Tag: poetry

A review of Beachcomber by Colleen Keating

The poet has the ability to immerse herself in nature, her senses capture the beauty that surround us whether at the beach, in a forest or in her own garden. For example, a little rock falls at her feet, she picks it up and she reads its secrets, its past, she hears its voice and she treasures it. Keating has the skill to draw pictures with words bringing to the reader very vivid descriptions.

A review of Arthurian Things: A Collection of Poems by Melissa Ridley Elmes

Taking on a legend is never an easy task, and the Arthurian legend is ages old and feels as if it were set in stone. In her collection of poems giving voice to Arthurian Things, Melissa Ridley Elmes has undertaken to add to the canon of Arthuriana poems that imagine voices, tell tales, and create scenes in which the once-and-future King Arthur and his knights are endowed with humor and humanity.

Pay Attention – Taste – Remember: Review of Diane LeBlanc’s Poetry Collection, The Feast Delayed

In LeBlanc’s poetry, grief enters through the senses, often the sense of taste. The collection is imbued with flavors. While I read, they lingered on my tongue. In some of the poems, the flavors are bitter and reflect the bitterness of loss and injustice. The prose poem “Expired” takes us through the journey of cleaning out the spice cupboard, of searching out the jars past their expiration dates.

Mothering machines: Sasha Stiles’ Technelegy

Whispers are words made gentler and Stiles whispers to her readers throughout Technelegy. As importantly, in Promethean fashion, her whispers are giving life to a new existence. Technelegy is the name of Stiles’ AI alter-ego. Built using a text generator called GPT-3, it draws on existing texts, borrows grammatical structures and vocabulary, and creates anew.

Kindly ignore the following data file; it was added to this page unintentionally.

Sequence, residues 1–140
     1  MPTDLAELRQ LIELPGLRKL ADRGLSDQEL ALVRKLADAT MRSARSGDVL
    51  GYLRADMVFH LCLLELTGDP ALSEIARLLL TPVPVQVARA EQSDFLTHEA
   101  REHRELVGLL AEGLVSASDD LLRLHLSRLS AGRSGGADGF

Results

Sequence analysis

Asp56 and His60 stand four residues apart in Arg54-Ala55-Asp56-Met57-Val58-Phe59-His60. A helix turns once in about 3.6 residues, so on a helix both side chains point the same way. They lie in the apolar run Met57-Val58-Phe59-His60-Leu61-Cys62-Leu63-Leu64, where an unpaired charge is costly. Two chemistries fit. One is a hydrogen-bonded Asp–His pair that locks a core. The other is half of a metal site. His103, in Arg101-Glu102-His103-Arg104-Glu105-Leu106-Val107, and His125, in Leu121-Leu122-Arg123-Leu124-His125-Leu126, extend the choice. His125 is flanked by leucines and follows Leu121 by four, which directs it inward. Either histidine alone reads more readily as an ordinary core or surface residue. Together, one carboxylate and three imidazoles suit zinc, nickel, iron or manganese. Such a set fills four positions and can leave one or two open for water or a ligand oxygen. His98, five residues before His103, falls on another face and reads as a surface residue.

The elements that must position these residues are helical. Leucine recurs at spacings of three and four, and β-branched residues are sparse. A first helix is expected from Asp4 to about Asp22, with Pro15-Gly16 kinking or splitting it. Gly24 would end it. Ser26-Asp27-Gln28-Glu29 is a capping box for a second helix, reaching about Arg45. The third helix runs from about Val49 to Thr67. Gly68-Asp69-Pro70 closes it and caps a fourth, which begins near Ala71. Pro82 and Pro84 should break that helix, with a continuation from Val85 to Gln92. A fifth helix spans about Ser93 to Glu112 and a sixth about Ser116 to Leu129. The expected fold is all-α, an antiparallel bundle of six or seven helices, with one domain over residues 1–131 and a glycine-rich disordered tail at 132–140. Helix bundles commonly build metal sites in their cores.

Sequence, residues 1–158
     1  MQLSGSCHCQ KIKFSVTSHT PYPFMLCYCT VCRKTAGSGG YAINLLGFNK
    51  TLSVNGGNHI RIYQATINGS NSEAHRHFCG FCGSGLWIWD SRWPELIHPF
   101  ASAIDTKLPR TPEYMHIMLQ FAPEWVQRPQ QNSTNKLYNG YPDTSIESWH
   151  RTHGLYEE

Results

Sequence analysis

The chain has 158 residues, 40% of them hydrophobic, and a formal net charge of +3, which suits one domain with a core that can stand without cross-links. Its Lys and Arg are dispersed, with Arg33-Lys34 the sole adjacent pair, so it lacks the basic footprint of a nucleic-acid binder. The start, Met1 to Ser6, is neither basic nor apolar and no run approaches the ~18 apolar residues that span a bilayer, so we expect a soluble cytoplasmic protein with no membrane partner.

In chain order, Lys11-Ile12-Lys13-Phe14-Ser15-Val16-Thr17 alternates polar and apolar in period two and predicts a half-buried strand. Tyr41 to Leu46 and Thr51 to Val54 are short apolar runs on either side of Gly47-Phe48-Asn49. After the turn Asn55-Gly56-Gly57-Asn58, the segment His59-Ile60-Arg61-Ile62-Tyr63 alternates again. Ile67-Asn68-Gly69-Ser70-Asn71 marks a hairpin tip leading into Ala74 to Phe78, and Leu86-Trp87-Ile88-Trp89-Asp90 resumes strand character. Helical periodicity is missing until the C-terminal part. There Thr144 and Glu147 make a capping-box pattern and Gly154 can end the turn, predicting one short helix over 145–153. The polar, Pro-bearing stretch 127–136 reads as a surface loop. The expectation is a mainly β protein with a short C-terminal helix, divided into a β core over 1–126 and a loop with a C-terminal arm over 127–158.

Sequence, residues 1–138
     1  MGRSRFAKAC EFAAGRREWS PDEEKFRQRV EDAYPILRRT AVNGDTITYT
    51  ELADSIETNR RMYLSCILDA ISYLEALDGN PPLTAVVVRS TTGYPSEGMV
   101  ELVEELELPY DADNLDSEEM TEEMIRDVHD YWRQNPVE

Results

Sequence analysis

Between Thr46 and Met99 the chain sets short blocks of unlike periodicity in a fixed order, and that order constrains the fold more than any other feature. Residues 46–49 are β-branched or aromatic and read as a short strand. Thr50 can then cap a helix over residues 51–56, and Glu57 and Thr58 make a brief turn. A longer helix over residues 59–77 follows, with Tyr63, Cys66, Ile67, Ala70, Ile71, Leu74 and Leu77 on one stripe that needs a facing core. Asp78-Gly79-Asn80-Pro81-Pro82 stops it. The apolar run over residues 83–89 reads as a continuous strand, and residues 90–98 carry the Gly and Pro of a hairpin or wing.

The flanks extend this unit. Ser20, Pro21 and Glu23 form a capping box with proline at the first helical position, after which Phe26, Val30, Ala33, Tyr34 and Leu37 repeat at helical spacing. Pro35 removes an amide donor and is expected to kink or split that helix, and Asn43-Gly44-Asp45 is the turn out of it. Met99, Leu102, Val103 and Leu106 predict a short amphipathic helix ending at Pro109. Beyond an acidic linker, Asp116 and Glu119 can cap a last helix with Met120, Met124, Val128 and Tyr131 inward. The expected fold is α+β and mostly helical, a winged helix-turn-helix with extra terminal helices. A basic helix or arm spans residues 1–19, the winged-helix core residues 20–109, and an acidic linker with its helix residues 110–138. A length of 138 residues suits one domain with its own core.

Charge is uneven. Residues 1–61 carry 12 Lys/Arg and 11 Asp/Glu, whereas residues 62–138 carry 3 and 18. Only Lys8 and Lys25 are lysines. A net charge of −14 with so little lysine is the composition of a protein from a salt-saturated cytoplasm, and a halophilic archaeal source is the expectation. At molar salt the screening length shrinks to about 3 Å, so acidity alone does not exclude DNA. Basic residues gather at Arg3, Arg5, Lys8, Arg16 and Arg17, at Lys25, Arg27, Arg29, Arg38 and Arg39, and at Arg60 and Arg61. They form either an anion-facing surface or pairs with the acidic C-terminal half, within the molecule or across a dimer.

A review of Body Shell Girl by Rose Hunter

Told in vivid verse form, she recounts her reluctant initiation into the sex industry in Toronto, in response to her stark economic circumstance – always a means to an end – through the collapse of her dreams of film school and a career in filmmaking, her hardening into “the life,” to her resignation that sex work is all her life will ever amount to. 

A review of What the River Told Me by Jane Skelton

Family memories, and what is said and not said, flow through the pages in poems with a tight narrative and strong sense of truth.  Reading the poems, I felt like I was entering into a temple where images, sounds and thoughts intermingled in an exuberant and exotic dance of words.

A review of April at the Ruins by Lawrence Raab

This poem is so mysterious and so wonderful. Literally, it is made of wonder—some kind of dream quality that awakens spaces inside ourselves. I find myself talking to my grandfather (who I never met) whenever I smell cigarette smoke. This feels to be the material that this poem is made from.

A review of Revenants by Adam Aitken

Anyone who has read Adam Aitken’s wonderful memoir One Hundred Letters from Home will be familiar with Aitken’s particular style that encompasses artefact, the living and the dead, dream and waking, memory and loss. Aitken’s latest collection Revenants, picks up on many of those themes from One Hundred Letters Home, as well as the revisiting the setting and timeframes of Aitken’s memoir: his father travelling in the 1950s, writing letters to his mother from Singapore, or moving through Hong Kong, Malaysia, and Thailand, weaving an absence in and out of the poems.

A review of The Strategic Poet edited by Diane Lockward

Aside from the illuminating value of the poetry, these modern poems are a pleasure to read. While specifically published as a teaching tool for writers of poetry, anyone who appreciates contemporary poetry should find The Strategic Poet to be a valuable addition to a personal library. On top of everything else, it’s both a challenging and a fun book to study with, filled with insight, imagination, rewarding tasks, and exceptionally fine writing.  

A review of M by Dale Kushner

Every poem is a journey, every journey a poem. M by Dale Kushner is a stunning collection of poems depicting life’s journey in three stages.  The roads of sorrow and suffering, the paths of transformation toward spiritual joy and desire, and the longing to know and feel all that is holy are contained in Kushner’s work.